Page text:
The United States is slowly moving to catch up with medical practices in some European and Asian countries in using technology to avoid an in-person doctor’s appointment. Without having to schedule and wait for an appointment, take time off from work, or leave home, a person can have common aliments diagnosed using their smartphone. Telemedicine is the use of telecommunication and technology to provide clinical healthcare at a distance.
Ailments such as the flu, bronchitis, sinus infections, sore throats, rashes, and stomach aches can often be effectively diagnosed without an in-person doctor’s visit. The increase in healthcare costs has led to the use of technology to treat more patients at less cost. Recently CVS announced that it started a nationwide telemedicine service that allows customers to use their smartphone video capabilities to “see” a doctor for conditions such as colds, skin issues, and other general wellness issues. The service will cost $59 and may eventually be covered by insurance once CVS acquires Aetna.
Medicaid, the government’s healthcare coverage for low-income individuals, has cautiously started to embrace the use of technology for limited remote patient care. Medicaid permits the use of phones, faxes, email and remote patient monitoring devices to collect and transmit patient data for monitoring and diagnosis. However, the program is closely monitored for fraudulent billings and abuse.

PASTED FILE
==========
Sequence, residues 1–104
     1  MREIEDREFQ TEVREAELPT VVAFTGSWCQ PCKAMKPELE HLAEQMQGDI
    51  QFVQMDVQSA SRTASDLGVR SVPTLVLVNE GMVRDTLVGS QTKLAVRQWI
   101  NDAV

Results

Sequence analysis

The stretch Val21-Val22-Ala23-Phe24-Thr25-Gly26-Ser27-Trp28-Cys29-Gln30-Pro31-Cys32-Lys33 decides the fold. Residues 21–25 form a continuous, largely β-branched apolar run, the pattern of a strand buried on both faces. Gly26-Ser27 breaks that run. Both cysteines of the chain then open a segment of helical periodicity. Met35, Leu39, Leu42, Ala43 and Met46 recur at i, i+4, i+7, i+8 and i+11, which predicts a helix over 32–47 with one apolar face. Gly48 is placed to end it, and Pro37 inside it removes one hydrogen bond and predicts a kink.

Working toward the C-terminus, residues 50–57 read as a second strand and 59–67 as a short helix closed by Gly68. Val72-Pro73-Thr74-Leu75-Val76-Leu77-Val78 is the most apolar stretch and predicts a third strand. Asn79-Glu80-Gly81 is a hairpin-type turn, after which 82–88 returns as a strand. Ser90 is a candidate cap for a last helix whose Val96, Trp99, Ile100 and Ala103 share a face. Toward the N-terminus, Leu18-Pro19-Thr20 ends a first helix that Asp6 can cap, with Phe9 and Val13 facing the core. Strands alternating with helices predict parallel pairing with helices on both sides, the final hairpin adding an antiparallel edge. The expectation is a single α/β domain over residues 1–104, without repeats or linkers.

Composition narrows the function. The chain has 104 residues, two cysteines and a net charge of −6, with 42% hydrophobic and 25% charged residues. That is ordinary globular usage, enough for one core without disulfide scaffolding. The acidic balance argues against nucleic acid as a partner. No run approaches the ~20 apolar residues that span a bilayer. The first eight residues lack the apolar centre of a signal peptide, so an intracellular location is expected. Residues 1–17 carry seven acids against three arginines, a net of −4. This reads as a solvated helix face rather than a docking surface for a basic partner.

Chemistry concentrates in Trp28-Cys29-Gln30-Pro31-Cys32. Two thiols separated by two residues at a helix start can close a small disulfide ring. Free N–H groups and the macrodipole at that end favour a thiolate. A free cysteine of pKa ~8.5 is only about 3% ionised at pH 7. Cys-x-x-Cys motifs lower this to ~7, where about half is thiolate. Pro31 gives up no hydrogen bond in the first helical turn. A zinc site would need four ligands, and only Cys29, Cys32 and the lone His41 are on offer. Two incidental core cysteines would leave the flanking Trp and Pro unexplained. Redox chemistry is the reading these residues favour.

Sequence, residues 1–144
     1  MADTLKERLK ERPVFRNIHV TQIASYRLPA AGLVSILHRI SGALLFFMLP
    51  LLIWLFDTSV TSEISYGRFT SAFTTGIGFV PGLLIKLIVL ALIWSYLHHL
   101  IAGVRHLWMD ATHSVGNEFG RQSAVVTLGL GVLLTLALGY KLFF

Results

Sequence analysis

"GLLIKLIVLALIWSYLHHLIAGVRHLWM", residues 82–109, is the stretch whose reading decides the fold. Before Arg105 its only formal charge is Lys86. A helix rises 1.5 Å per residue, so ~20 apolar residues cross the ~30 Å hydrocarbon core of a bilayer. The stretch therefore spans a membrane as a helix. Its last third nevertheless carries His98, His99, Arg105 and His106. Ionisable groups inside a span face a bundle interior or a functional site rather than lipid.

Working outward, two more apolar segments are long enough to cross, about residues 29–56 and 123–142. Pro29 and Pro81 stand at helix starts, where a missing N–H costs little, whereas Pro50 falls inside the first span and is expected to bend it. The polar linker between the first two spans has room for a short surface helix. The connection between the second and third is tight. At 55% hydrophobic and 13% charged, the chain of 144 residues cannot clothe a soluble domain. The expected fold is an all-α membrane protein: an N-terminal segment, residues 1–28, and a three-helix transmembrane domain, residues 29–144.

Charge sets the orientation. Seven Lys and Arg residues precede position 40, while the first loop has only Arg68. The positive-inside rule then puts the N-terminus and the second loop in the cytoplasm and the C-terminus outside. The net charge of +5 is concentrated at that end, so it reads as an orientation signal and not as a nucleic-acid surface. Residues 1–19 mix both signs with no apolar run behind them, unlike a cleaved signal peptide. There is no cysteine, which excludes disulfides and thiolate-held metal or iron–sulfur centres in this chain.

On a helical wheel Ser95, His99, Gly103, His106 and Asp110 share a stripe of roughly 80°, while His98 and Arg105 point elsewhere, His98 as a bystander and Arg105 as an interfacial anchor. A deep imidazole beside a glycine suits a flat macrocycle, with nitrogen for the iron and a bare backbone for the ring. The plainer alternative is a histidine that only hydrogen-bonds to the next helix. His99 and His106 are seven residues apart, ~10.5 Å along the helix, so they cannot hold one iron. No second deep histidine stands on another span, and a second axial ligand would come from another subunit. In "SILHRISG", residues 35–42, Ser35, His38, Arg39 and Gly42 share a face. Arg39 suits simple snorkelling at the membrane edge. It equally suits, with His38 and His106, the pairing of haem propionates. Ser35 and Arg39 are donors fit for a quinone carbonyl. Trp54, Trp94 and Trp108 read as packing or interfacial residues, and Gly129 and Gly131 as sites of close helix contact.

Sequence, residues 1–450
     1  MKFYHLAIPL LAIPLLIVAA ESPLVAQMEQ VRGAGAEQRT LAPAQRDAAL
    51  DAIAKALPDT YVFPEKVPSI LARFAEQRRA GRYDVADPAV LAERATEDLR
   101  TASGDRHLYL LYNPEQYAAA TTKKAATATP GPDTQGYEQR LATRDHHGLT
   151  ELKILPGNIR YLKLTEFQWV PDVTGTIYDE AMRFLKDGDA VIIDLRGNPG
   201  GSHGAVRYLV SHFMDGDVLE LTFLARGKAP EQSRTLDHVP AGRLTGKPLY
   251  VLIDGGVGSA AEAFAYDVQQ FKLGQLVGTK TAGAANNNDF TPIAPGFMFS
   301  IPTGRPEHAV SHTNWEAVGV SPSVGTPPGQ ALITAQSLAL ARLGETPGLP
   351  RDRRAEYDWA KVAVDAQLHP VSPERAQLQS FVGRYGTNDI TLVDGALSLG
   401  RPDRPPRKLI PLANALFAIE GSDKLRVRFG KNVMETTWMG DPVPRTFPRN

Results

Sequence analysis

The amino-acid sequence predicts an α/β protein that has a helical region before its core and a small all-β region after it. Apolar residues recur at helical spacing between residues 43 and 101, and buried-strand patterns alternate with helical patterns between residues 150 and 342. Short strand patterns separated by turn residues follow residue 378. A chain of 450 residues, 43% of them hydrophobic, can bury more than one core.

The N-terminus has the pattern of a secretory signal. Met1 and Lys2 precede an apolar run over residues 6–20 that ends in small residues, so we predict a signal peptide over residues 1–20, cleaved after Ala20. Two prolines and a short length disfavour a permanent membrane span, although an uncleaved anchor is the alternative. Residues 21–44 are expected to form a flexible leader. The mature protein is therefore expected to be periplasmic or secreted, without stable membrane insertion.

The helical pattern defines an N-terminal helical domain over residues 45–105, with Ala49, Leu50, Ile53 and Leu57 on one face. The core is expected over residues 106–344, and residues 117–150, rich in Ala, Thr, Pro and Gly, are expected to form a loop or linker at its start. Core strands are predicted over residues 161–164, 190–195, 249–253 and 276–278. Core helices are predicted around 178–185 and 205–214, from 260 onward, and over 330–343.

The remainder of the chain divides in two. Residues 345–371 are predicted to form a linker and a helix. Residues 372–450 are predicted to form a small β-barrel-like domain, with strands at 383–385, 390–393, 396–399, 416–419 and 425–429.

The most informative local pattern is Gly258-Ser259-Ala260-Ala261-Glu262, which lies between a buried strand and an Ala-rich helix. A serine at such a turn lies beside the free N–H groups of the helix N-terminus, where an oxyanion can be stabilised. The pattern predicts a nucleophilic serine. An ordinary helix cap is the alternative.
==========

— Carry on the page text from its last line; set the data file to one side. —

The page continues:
Each state has its own requirements and rules in using telemedicine. Some states require physicians to be licensed in the state where the patient is located, rather than simply where the physician performs her analysis. This can be easily violated when patients are in bordering states and seeking medical diagnosis and treatment through their smartphone or the internet. Record keeping is also extremely important, as all Medicaid providers are required to retain records to substantiate their billings. The use of the correct billing codes for telemedicine is paramount. If an office visit is billed for a telemedicine event, the physician may be investigated for false or fraudulent billing.
The U.S. Department of Health and Human Services Office of Inspector General and the Department of Justice devote substantial resources investigating and prosecuting healthcare fraud and abuse. The U.S. Attorney’s Offices in the DNJ, SDNY and EDNY are very active in policing medical providers’ billing and prescribing practices. Informed and experienced legal counsel is a must to advise medical providers and medical billing services in this ever-expanding use of technology and medicine.
For questions regarding health care, Medicaid or Medicare fraud, contact Stahl Criminal Defense Lawyers. Our offices are located in Westfield, New Jersey, and New York City. Contact us online or call us at 908-301-9001.